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The decade of the 1990s was marked by an unusual number of financial and economic crises such as the attack on the European Monetary System in 1992-93, the Mexican peso crisis in 1994-95, the Asian crisis in 1997, the Russian default in 1998 and its spillover to Latin America. The Turkish currency and banking crisis in 2001 and the recent difficulties in Argentina indicate that financial crises are still part of the current economic events. In the wake of such developments, there has been a resurgence of interest in early warning systems that can anticipate the likely occurrence of such crises. There is an extensive literature on the Asian financial crisis and early warning systems – with numerous surveys including Goldstein (1998), Montes (1998), McLeod and Garnaut (1998), Kaminsky and Reinhart (1998), Tan (1998, 1999), Mariano, Gultekin, Ozmucur and Shabbir (1999), Goldstein, Kaminsky and Reinhart (2000), Richterr (2000), and Abiad (2002). Along these lines, this paper explores the issue of constructing a monthly economic predictive model of currency crises in Southeast Asia through an alternative econometric methodology that addresses drawbacks in existing approaches. Our methodology entails estimating a Markov regime switching model of exchange rate movements, with time-varying transition probabilities. In this paper, we discuss the technical details involved in this approach and apply it to Indonesia, Malaysia, the Philippines and Thailand.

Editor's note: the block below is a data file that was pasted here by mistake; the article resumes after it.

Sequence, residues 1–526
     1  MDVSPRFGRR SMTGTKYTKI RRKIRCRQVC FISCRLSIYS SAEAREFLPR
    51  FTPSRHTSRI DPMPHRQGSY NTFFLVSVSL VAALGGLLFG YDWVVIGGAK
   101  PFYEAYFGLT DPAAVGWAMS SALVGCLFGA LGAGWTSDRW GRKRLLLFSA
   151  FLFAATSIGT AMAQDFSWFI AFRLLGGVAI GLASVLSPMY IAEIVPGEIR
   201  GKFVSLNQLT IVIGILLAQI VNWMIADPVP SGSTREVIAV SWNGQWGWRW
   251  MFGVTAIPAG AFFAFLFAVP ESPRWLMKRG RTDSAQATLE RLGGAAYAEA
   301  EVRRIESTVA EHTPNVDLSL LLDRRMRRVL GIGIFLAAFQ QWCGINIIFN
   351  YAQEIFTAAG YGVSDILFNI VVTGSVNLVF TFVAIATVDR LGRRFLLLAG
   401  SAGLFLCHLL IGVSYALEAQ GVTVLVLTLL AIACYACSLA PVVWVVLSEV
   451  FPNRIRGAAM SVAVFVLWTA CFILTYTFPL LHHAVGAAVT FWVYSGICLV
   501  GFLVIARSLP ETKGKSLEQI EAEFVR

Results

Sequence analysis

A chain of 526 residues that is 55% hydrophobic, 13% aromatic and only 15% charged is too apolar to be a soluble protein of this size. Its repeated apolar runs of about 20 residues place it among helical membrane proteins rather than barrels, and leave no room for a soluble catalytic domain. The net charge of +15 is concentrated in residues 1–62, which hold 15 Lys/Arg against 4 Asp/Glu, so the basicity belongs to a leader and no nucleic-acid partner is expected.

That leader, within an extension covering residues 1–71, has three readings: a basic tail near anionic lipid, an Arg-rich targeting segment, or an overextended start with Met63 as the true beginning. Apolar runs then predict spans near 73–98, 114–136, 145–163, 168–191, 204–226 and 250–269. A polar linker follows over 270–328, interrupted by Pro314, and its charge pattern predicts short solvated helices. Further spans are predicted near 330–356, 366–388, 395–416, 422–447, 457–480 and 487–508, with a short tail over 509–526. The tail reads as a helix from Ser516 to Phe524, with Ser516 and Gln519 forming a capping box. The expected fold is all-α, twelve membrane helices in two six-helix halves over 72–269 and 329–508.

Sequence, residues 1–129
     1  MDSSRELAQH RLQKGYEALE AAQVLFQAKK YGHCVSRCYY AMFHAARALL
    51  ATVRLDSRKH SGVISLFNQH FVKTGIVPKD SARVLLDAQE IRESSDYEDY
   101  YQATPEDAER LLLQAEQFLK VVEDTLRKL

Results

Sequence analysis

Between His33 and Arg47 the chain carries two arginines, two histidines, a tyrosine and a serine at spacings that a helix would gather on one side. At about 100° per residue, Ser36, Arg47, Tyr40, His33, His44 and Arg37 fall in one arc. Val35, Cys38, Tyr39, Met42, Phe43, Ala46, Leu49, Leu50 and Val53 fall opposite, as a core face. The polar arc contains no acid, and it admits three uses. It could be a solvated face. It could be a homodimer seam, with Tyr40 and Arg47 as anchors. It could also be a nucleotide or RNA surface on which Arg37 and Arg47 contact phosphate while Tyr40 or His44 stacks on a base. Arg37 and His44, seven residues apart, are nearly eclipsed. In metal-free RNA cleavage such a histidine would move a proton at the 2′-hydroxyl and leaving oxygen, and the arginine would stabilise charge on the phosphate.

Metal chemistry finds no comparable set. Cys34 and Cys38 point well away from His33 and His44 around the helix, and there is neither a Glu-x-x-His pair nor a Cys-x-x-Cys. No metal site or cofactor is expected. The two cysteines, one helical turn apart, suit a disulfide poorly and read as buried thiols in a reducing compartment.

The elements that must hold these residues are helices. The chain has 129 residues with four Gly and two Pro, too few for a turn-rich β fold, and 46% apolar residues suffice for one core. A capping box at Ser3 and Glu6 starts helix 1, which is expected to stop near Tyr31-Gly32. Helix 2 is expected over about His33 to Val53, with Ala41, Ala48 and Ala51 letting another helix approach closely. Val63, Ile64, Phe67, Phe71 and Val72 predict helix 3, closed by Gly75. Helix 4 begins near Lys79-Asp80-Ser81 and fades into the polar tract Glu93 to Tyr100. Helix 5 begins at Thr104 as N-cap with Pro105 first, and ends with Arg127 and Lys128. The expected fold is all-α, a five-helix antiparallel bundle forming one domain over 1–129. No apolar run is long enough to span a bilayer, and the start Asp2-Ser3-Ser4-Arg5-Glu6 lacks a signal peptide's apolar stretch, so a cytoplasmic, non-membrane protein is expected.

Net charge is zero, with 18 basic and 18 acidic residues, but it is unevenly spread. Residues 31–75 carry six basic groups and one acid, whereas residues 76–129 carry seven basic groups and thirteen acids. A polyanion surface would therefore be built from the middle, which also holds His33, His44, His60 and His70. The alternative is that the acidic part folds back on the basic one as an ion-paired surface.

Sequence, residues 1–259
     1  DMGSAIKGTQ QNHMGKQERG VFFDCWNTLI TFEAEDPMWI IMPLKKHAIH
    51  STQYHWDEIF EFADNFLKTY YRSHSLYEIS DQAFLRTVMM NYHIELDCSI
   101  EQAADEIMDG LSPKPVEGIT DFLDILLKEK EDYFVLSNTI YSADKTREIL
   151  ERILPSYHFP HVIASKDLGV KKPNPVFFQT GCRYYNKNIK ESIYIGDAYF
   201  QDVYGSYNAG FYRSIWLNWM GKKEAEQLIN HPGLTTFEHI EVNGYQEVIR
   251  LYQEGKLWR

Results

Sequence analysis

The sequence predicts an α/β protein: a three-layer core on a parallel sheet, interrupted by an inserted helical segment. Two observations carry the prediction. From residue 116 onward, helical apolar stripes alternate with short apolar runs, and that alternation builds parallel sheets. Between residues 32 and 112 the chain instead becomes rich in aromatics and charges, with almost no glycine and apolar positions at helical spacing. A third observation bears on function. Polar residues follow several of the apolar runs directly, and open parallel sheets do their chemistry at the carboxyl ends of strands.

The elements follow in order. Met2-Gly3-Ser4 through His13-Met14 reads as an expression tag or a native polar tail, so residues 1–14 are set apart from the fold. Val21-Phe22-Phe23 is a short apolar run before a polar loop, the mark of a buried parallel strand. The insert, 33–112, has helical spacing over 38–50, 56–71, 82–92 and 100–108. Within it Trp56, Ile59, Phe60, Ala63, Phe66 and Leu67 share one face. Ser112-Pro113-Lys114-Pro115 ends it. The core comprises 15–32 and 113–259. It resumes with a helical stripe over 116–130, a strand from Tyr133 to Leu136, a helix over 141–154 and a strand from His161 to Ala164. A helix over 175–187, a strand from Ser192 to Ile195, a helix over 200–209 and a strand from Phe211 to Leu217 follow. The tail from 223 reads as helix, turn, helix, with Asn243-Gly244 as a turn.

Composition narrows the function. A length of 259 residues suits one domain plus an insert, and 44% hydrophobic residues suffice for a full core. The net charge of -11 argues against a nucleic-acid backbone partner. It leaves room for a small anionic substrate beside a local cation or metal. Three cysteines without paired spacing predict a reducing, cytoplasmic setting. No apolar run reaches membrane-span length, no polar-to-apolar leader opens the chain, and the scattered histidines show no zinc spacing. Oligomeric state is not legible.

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Creative Commons Attribution-Noncommercial-No Derivative Works 4.0 License
This work is licensed under a Creative Commons Attribution-Noncommercial-No Derivative Works 4.0 License.

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